The Job Search: A Professional Dating Game

It takes a lot of courage to tell someone that you are interested in them. You might venture to say “hi” or strike up what you hope is a “casual” conversation. You invest countless hours observing them and finding out what things they like. If you are a law student, you scope out future employers just like you nervously glanced at that guy or girl in the coffee shop or the one that sat behind you in your Torts class. Somehow, you discover that you have several things in common and you begin to look for a chance to get to know them better. Instead of sending a text, you sit down and write that cover letter:

Dear Firm,

I’ve seen you around and you seem really nice. You know, we actually met at this networking event a few months ago. I really like the work you do and your areas of practice. I’m interested in a lot of those things, too. Maybe we could meet up sometime… to, you know, get to know each other better?


An Interested Law Student

You drop the letter in the mail with a copy of your most recent and flattering résumé. You may even ask a few of your friends to talk you up and casually mention how awesome you really are in the hopes that it will help persuade them to give you a chance.

Someone may have introduced you, you might have attended a speed-dating job fair, or maybe you did a bit of online searching. Frankly, your method does not matter. Every law student is looking for that ideal career. Some of us simply want to find a short-term job before we move on to something else. Others, like me, are looking for that one job that will make us stop looking at all other jobs – the job that will last a lifetime (because, let’s be honest, no one really retires from the legal profession). You can often invest a lot of time, energy, and emotions in looking for the best job for you. Honestly, searching for jobs can feel a lot like dating – minus all the romance.

When you send that cover letter, you might think you have absolutely no chance with them, but you keep your fingers crossed and hope that someone actually reads it and that they will, at least, let you know what they think. If they actually agree to see you, you may be a little surprised. Still, you mark your calendar and start picking out your best outfit. When the day arrives, you hope that everything is in order. Your hair is perfect. You arrive to your “date” on time. Your conversation is the ideal balance of intelligence and witticism. You barely notice that you have been talking for hours and you leave on cloud nine. Things could not have gone better. In fact, you are almost certain that you will be having several more delightful conversations with this firm very soon.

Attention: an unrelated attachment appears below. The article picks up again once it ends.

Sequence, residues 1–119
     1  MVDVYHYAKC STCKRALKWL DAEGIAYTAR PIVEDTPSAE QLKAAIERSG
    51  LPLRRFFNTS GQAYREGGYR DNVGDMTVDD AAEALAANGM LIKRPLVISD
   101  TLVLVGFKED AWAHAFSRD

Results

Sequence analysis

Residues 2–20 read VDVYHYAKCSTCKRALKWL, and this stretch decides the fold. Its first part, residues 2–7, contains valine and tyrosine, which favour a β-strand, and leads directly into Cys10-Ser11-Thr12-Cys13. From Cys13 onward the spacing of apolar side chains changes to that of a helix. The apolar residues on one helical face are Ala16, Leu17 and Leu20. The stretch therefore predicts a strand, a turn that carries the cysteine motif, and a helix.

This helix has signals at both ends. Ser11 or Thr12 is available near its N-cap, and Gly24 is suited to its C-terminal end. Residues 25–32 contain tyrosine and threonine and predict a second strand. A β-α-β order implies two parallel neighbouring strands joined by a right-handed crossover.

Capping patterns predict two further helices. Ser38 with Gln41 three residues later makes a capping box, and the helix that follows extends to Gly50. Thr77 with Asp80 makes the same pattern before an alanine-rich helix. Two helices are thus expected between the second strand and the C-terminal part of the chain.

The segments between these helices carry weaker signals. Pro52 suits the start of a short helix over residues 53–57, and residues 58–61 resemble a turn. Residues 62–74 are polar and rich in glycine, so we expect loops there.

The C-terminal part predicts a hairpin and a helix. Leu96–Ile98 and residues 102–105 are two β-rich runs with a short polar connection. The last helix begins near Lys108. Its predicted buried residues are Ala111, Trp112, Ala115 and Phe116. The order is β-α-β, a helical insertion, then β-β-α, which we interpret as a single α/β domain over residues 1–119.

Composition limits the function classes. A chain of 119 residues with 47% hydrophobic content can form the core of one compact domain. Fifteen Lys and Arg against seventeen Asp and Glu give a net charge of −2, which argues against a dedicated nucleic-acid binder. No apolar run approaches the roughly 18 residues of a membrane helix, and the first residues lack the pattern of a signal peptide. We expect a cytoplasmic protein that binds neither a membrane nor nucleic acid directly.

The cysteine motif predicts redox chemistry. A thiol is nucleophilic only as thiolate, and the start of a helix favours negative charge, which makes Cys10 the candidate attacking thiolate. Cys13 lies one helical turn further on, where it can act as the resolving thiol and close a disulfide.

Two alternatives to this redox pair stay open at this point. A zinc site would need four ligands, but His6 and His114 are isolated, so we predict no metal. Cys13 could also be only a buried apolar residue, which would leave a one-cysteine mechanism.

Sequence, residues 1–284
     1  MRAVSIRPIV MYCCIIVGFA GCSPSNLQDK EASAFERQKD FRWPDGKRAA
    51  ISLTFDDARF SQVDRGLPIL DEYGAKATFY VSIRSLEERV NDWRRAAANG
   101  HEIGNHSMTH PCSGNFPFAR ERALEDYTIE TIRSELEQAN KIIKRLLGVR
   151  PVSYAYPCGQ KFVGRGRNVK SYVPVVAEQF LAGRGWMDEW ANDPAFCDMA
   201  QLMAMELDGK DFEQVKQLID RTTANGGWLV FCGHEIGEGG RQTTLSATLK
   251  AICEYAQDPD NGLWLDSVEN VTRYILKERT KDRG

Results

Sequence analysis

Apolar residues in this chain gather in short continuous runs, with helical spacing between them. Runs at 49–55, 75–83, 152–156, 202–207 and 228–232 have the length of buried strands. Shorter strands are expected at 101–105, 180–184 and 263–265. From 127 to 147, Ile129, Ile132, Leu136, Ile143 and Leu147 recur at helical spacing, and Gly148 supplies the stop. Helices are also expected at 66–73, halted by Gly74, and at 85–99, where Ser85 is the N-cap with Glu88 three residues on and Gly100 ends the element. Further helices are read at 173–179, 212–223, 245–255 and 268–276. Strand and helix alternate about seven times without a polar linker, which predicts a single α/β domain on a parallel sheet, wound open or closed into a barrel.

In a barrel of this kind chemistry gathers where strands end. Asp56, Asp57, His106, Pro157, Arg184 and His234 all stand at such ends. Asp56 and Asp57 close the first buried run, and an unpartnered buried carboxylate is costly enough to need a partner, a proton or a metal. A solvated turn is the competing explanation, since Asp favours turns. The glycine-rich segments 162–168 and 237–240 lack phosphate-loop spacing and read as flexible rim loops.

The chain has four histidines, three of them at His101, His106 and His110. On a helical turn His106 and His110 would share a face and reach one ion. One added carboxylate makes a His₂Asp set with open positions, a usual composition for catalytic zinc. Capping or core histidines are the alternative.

Sometime in the future, with a smile on your face, you check your voicemail. By now, you are sure that you missed a call. While there may be a few messages from your mom, there is nothing from the person that you really wanted to hear from. Finally you hear something but it isn’t what you hoped to hear. It’s a rejection letter. It is written more formally, of course, but the content is basically like any other rejection: “Hey! I had a lot of fun the other day. So, listen, I think we would like to see other people. Really, it’s not you. I think that you’re a really great guy/girl. I just don’t think that it’s going to work out.”

When you stop staring at the phone in disbelief, you try to figure out what went wrong or what you might have said. It is hard to reconcile that there really was nothing wrong with you; you really are a great candidate. Your mom and your professors have spent the past umpteen years telling you that. So, it must be true. Obviously, you may be disappointed. I mean, you really liked this firm.

Somehow, instead of drowning your sorrows in a pint of ice cream, you manage to deal with the rejection and try to go through this same process with other firms that look pretty appealing, too. Along the way, some firms will seem interested and others will not. Some firms may wine and dine you or attempt to impress you with what they have to offer. While you enjoy nice conversation and meals as much as the next person, you hope that one of these will lead to a more substantial relationship.

If you think about it, the search can be frustrating. One attempt after another feels like a bust. It seems like every time you turn around, another friend is making an announcement about their future plans. Periodically, you may find yourself asking “Why Lord?” or “What is wrong with me?”

If you are like me, you truly believe that the legal profession is your area of passion. I find it to be stressful when I cannot immediately find the perfect position that I always envisioned. Still, I keep telling myself that I cannot give up because “the right one” will come along. Cliché? Yes, but I have to believe that it really is out there. What can I say? I will admit that I am a hopeless romantic. It might take a while to stumble across it, but I believe that it is out there somewhere.




Filed under University of Tennessee College of Law

2 responses to “The Job Search: A Professional Dating Game

  1. Nicely done! Very funny, and very true.

  2. Tennessee Bar Journal

    A perfect parallel and well said, AnCharlene! And hilarious. Love it. Here’s hoping “the one” comes along soon. 😉

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